Hyundai unveils facelifted Kona & N-Line derivative

Kona01

Of the 3 compact family cars that Hyundai offers in South Africa, the Kona is probably the most niche model. The Korean manufacturer has released details of its updated crossover, including a new performance-inspired N Line derivative, which sets the scene for the introduction of a fully-fledged Kona N. 

The Kona, which is based on the i30 compact car's platform, is quite popular in Europe and although it was only introduced in Mzansi relatively recently (in late 2018), it's been in production since 2017, which means the facelift is just about on cue. 

To bring the model's looks up to date, Hyundai has introduced a significantly revised front end, replete with a longer bonnet, a fresh grille design and widened LED daytime-running lights. A silver-grey skid plate cups the lower air intake, while vertical aerodynamic inlets feature on the outside edges of the black bumper. The two-tone execution, with black mirror housings, looks particularly fetching.


Hyundai has added a number of silver-grey accents to the Kona's cladding; the crossover now looks quite a bit sleeker. 

At the rear, revised tail-light clusters feature horizontally-stretched graphics. The shapelier rear bumper, meanwhile, features a large skid plate that ties in neatly with the front-bumper execution and additional side-skirt garnishes. Overall, the updated Kona is 40 mm longer than its predecessor and comes with 16-inch alloy wheels; redesigned 17- and 18-inch rims are optional. 

Inside, the Kona gains an electronic handbrake, ambient LED lighting (for the centre cup holder as well as the driver and front passenger's footwells), updated speaker- and vent surrounds, as well as a selection of new colour and material options. In Europe, the car's infotainment system has increased to an 8-inch touchscreen with wireless Android Auto and Apple Car Play compatibility as standard.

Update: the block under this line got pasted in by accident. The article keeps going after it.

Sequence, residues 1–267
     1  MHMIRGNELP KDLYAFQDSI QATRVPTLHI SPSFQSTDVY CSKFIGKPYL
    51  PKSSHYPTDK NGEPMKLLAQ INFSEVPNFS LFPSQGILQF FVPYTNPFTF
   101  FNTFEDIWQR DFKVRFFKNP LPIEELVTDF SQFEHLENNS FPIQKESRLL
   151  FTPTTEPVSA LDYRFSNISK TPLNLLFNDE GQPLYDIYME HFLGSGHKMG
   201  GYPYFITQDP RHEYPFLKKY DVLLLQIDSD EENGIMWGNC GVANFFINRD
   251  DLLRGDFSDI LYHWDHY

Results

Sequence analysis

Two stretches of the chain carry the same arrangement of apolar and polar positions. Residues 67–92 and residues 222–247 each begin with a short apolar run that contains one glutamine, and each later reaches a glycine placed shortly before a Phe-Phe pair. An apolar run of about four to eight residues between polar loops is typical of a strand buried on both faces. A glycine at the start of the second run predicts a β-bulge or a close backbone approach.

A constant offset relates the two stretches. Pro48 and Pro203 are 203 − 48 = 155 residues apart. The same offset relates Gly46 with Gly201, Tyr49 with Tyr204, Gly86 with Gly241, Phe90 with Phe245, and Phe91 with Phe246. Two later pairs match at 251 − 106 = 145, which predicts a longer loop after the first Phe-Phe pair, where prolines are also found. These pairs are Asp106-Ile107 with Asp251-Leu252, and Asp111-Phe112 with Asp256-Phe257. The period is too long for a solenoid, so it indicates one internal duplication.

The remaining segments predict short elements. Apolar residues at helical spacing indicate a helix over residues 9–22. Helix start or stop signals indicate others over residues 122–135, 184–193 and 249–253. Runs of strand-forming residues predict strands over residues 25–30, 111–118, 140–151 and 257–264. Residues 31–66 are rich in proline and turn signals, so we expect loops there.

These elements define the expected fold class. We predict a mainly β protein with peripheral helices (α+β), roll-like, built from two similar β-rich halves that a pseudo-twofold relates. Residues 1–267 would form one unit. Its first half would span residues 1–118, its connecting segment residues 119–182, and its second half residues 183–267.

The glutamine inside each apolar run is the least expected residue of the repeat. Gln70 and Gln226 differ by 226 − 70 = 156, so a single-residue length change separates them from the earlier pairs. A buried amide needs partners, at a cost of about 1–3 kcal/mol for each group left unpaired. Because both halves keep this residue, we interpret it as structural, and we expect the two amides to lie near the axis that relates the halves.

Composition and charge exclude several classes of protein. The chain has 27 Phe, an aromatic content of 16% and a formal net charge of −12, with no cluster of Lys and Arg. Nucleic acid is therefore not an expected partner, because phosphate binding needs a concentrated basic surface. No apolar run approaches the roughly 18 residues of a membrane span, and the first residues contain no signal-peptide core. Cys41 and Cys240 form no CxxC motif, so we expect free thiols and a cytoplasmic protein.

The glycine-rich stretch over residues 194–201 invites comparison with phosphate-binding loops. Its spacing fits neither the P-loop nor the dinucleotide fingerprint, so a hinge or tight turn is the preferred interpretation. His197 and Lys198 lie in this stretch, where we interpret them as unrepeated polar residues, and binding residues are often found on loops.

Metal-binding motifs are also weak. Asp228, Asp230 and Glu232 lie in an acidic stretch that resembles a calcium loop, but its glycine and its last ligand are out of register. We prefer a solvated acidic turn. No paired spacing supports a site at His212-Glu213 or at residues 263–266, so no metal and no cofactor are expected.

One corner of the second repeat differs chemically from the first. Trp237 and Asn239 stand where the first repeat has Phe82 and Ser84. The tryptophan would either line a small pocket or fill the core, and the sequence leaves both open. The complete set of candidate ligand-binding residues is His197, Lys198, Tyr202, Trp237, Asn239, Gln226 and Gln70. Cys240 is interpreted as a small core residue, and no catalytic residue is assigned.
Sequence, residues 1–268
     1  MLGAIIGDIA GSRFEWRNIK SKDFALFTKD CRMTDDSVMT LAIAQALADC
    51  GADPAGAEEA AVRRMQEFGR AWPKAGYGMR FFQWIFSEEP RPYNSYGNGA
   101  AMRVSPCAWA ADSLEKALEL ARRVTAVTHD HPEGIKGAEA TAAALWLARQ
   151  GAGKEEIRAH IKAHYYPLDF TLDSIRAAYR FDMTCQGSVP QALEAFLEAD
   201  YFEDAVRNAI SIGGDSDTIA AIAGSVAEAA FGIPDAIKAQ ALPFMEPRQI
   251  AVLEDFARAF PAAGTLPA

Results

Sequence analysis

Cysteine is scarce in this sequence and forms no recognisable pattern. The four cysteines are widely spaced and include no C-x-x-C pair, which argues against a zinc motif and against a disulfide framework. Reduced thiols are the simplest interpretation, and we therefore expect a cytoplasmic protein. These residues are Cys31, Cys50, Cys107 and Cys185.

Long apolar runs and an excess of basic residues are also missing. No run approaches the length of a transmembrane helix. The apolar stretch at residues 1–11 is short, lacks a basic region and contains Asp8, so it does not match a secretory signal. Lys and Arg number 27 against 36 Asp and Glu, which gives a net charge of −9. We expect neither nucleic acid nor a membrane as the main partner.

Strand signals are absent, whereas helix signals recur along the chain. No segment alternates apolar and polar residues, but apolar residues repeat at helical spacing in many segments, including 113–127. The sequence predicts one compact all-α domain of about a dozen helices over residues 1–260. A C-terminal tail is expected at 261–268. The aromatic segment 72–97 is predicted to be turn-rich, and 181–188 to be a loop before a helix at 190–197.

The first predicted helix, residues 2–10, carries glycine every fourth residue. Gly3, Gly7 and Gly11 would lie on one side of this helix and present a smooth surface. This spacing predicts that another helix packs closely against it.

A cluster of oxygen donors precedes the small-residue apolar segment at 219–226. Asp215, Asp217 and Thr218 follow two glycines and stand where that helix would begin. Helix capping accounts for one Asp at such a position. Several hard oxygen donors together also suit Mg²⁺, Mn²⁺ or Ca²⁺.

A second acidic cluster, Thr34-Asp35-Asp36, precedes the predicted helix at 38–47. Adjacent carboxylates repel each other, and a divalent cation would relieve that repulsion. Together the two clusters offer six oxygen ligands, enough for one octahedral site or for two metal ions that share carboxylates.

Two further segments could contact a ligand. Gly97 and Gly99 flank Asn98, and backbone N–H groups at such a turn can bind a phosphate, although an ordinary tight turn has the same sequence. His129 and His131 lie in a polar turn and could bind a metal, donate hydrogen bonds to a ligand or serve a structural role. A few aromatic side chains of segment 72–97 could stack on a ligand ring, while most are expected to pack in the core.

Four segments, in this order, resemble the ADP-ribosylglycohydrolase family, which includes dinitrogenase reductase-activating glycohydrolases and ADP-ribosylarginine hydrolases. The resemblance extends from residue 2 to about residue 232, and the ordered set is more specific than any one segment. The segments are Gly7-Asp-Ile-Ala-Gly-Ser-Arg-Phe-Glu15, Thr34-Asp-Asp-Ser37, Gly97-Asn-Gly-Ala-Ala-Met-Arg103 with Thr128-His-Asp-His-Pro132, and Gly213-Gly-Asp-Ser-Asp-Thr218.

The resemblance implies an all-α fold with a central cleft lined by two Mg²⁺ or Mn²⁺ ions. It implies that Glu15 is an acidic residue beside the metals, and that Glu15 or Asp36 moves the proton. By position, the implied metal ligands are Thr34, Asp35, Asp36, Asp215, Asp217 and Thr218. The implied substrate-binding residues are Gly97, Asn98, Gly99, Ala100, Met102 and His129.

As expected, the Kona interior in the press material features the digital instrument cluster and the upgraded infotainment system.

The emergence of the all-new i20, of which we recently drove a pre-production unit, sees the compact hatchback's 10.25-inch digital instrument cluster being transplanted in the Kona. The infotainment system can be upgraded to a 10.25-inch unit, which supports a split-screen function, multiple Bluetooth connections and the extended features of Hyundai’s cloud-based navigation system. 

Although the new N-Line derivative probably won't be of much consequence to the South African market, it does offer clues to what the upcoming Kona N will might look like (...only wilder). Compared with its standard sibling, the N-Line eschews black cladding in favour of a sportier bodykit and features an (ostensibly Audi A1-inspired) trio of mesh-covered mini air intakes above the front grille.


There's a lot more in the way of air inlets in the N Line version's frontal aspect. 

Apart from bespoke alloys, the N Line features a rear diffuser and a dual-outlet sports exhaust, while the black leather interior trim is accented with red contrast stitching, metal pedals and N logos.

Meanwhile, Hyundai has upgraded its 1.6-litre turbopetrol derivative's peak power output to 145 kW, which is available in either 2- or 4-wheel-drive guise in conjunction with a 7-speed dual-clutch automatic overseas. On the South African market, Hyundai offers a 1.0-litre turbopetrol derivative with a 6-speed manual and a 2.0-litre naturally aspirated petrol version with a 6-speed automatic 'box.


The N Line's rear bumper features an elaborate diffuser inset, which is complemented with dual exhaust pipes.

As for the driving experience, the refreshed Kona features a recalibrated steering system (for more linear responses to 'wheel inputs), plus a more comfort-oriented suspension setup. The firm says: "Next to springs and dampers, the stabiliser bars have been modified for better isolation. The rear bump stop was also modified, bringing benefits for primary ride and lateral body control."

Hyundai South Africa's product pitch for the Kona is quite different to its counterparts in Europe; local derivatives are much more soberly specced for optimal value for money. Although the local subsidiary has yet to confirm the arrival date of the updated Kona, we expect local versions to carry over at least the cosmetic updates next year, probably during the 1st quarter (or half) of 2021.

Hyundai Kona Specs & Prices in South Africa 

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Hyundai i20 (2021) International Launch Review

Hyundai Kona N in the Works

Hyundai Kona (2018) Launch Review

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